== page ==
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Monday, July 10, 2017

72. William Torrey Harris: The Underground HIstory of American Education by John Taylor Gatto from archive.org

William Torrey Harris 

If you have a hard time believing that this revolution in the contract ordinary Americans 
had with their political state was intentionally provoked, it's time for you to meet 
William Torrey Harris, U.S. Commissioner of Education from 1889 to 1906. No one, 
other than Cubberley, who rose out of the ranks of professional pedagogues ever had as 
much influence as Harris. Harris both standardized and Germanized our schools. Listen 
to his voice from The Philosophy of Education, published in 1906: 

Ninety-nine [students] out of a hundred are automata, careful to walk in prescribed paths, 
careful to follow the prescribed custom. This is not an accident but the result of 
substantial education, which, scientifically defined, is the subsumption of the individual. 
—The Philosphy of Education (1906) 

Listen to Harris again, giant of American schooling, leading scholar of German 
philosophy in the Western hemisphere, editor and publisher of The Journal of Speculative 
Philosophy which trained a generation of American intellectuals in the ideas of the 
Prussian thinkers Kant and Hegel, the man who gave America scientifically age-graded 
classrooms to replace successful mixed-age school practice. Again, from The Philosophy 
of Education, Harris sets forth his gloomy vision: 

The great purpose of school can be realized better in dark, airless, ugly places.... It is to 
master the physical self, to transcend the beauty of nature. School should develop the 
power to withdraw from the external world. 
—The Philosphy of Education (1906) 

Nearly a hundred years ago, this schoolman thought self-alienation was the secret to 
successful industrial society. Surely he was right. When you stand at a machine or sit at a 
computer you need an ability to withdraw from life, to alienate yourself without a 
supervisor. How else could that be tolerated unless prepared in advance by simulated 



Birkenhead drills? School, thought Harris, was sensible preparation for a life of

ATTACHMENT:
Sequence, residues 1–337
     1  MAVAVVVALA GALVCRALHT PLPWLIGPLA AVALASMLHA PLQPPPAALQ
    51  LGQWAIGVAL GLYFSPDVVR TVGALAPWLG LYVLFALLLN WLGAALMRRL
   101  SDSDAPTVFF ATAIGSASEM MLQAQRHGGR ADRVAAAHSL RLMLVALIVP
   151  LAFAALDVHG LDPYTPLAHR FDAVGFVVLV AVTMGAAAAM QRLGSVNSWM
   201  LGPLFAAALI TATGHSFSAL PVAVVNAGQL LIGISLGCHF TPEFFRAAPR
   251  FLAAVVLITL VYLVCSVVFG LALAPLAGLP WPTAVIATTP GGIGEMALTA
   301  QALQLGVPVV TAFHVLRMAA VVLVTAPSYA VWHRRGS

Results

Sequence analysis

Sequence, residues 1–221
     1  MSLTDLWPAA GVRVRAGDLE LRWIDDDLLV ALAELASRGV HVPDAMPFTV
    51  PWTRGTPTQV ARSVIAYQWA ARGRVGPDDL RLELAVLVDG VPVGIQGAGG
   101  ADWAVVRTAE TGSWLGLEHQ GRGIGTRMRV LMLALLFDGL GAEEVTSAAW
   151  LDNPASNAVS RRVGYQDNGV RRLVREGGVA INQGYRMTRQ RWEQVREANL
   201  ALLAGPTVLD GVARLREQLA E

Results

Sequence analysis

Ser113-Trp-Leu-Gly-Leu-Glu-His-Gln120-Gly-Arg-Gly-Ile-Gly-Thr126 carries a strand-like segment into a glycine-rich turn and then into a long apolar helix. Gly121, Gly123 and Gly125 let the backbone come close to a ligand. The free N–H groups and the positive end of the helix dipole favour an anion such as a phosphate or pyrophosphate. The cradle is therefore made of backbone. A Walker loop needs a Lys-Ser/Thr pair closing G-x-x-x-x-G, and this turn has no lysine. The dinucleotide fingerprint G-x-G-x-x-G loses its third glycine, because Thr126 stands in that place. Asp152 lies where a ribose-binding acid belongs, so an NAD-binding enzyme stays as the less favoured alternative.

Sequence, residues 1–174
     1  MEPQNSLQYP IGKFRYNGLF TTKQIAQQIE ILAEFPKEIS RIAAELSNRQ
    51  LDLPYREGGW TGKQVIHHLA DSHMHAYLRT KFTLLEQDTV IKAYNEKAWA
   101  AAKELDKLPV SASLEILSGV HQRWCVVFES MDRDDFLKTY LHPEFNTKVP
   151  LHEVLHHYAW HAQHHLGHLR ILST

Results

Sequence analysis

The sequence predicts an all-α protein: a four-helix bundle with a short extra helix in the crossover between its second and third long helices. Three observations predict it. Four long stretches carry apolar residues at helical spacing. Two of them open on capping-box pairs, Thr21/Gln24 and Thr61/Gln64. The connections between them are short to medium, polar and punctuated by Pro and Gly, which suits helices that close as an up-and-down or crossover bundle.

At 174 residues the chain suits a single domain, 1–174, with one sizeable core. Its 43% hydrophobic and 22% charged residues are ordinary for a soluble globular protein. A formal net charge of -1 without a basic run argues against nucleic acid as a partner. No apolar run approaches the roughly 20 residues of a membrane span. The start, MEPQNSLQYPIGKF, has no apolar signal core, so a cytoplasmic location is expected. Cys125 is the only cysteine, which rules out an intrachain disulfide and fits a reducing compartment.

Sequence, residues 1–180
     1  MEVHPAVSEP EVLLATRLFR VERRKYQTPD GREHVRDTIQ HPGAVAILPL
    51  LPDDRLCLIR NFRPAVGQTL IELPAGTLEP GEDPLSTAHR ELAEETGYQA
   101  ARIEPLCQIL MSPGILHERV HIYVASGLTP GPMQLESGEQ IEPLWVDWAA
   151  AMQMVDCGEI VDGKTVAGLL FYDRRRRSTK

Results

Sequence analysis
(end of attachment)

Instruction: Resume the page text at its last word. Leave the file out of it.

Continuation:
alienation. Can you say he was wrong? 

In exactly the years Cubberley of Stanford identified as the launching time for the school 
institution, Harris reigned supreme as the bull goose educator of America. His was the 
most influential voice teaching what school was to be in a modern, scientific state. School 
histories commonly treat Harris as an old-fashioned defender of high academic standards, 
but this analysis is grossly inadequate. Stemming from his philosophical alignment with 
Hegel, Harris believed that children were property and that the state had a compelling 
interest in disposing of them as it pleased. Some would receive intellectual training, most 
would not. Any distinction that can be made between Harris and later weak curriculum 
advocates (those interested in stupefaction for everybody) is far less important than 
substantial agreement in both camps that parents or local tradition could no longer 
determine the individual child's future. 

Unlike any official schoolman until Conant, Harris had social access to important salons 
of power in the United States. Over his long career he furnished inspiration to the 
ongoing obsessions of Andrew Carnegie, the steel man who first nourished the conceit of 
yoking our entire economy to cradle-to-grave schooling. If you can find copies of The 
Empire of Business (1902) or Triumphant Democracy (1886), you will find remarkable 
congruence between the world Carnegie urged and the one our society has achieved. 

Carnegie's "Gospel of Wealth" idea took his peers by storm at the very moment the great 
school transformation began — the idea that the wealthy owed society a duty to take over 
everything in the public interest, was an uncanny echo of Carnegie's experience as a boy 
watching the elite establishment of Britain and the teachings of its state religion. It would 
require perverse blindness not to acknowledge a connection between the Carnegie 
blueprint, hammered into shape in the Greenwich Village salon of Mrs. Botta after the 
Civil War, and the explosive developments which restored the Anglican worldview to our 
schools. 



Chapter Six 

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